Thoughts on pointless debates

Here’s something that struck me this morning:

Writing to Timothy, Paul commands him to actually “avoid” getting into debates with certain people, which we’d easily (and rightfully) refer to as heretics.

O Timothy, guard the deposit entrusted to you. Avoid the irreverent babble and contradictions of what is falsely called “knowledge,” for by professing it some have swerved from the faith. – 1 Tim. 6:20-21

But avoid irreverent babble, for it will lead people into more and more ungodliness, and their talk will spread like gangrene. – 2 Tim. 2:16-17a

Why did it strike me, I hear you ask. Well, think about how often we get into debates that easily qualify as “irreverent babble” and we persist on them as if the future of God’s very redemptive plan depended on it.

Don’t get me wrong. I love Christian apologetics, and even though I don’t go looking for a scrap, I try to take to heart Peter’s famous exhortation:

…but in your hearts honor Christ the Lord as holy, always being prepared to make a defense (Gr. “απολογία” = apologia) to anyone who asks you for a reason for the hope that is in you; yet do it with gentleness and respect… – 1 Pet. 3:15

But there comes a time when we need to draw the line, and remember what Christ Himself instructed us:

Do not give what is holy to the dogs; nor cast your pearls before swine, lest they trample them under their feet, and turn and tear you in pieces. – Mat. 7:6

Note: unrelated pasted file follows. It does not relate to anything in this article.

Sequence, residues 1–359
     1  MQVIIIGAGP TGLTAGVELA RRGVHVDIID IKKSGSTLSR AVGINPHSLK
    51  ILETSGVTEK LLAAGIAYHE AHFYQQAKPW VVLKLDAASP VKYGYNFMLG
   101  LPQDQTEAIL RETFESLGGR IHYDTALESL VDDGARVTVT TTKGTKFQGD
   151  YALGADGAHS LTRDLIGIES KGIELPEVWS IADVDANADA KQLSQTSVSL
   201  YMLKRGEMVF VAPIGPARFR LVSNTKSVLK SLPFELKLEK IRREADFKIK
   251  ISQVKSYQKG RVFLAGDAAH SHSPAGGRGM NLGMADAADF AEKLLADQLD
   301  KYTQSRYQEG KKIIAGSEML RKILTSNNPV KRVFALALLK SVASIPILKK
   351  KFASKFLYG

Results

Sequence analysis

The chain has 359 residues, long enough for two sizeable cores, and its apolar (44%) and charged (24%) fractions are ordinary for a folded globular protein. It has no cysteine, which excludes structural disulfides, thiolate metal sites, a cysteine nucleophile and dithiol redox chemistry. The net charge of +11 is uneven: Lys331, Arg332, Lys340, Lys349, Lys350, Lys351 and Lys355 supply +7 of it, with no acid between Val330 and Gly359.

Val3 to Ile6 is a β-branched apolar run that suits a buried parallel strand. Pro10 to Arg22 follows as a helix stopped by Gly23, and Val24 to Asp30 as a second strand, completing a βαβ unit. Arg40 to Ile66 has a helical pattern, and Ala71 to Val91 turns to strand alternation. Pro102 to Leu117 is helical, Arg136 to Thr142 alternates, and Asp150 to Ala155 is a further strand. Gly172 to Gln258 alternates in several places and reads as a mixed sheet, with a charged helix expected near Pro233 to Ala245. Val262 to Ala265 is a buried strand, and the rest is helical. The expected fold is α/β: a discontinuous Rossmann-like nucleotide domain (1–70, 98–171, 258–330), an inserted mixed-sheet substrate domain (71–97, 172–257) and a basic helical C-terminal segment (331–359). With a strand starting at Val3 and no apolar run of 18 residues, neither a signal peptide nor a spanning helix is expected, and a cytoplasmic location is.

Convincing an atheist of theism or a scientist that evolution has holes may have its place, but ultimately it is only the gospel that saves. No-one ever came to Christ only because they found Anselm’s Ontological argument (+/- Alvin Plantiga’s modifications) sound. They had to hear of their sin. They had to hear of the Cross. There is more involved in salvation than mere intellectual assent – it is God’s work and not of humans:

So faith comes from hearing, and hearing through the word of Christ. – Rom. 10:17

So, Timothy, draw some lines. In fact, don’t even get involved. Don’t even give them a platform. But how do I know when?

Well, how about when the “debate” degenerates into a mudfight? Or when the other party is arguing just to sound their own trumpet? Or when the debate starts to look like a dog chasing its tail? Or when it’s blatantly obvious that even if one of the dead rose they wouldn’t be convinced (cf. Luke 16: 31)? Or when it damages the souls and minds of those involved, including the audience? Or when it compromises Christian character? Or when it’s, well, pointless?

We’re not called to win debates. We’re called to win souls. And there’s no PhD that can do that.

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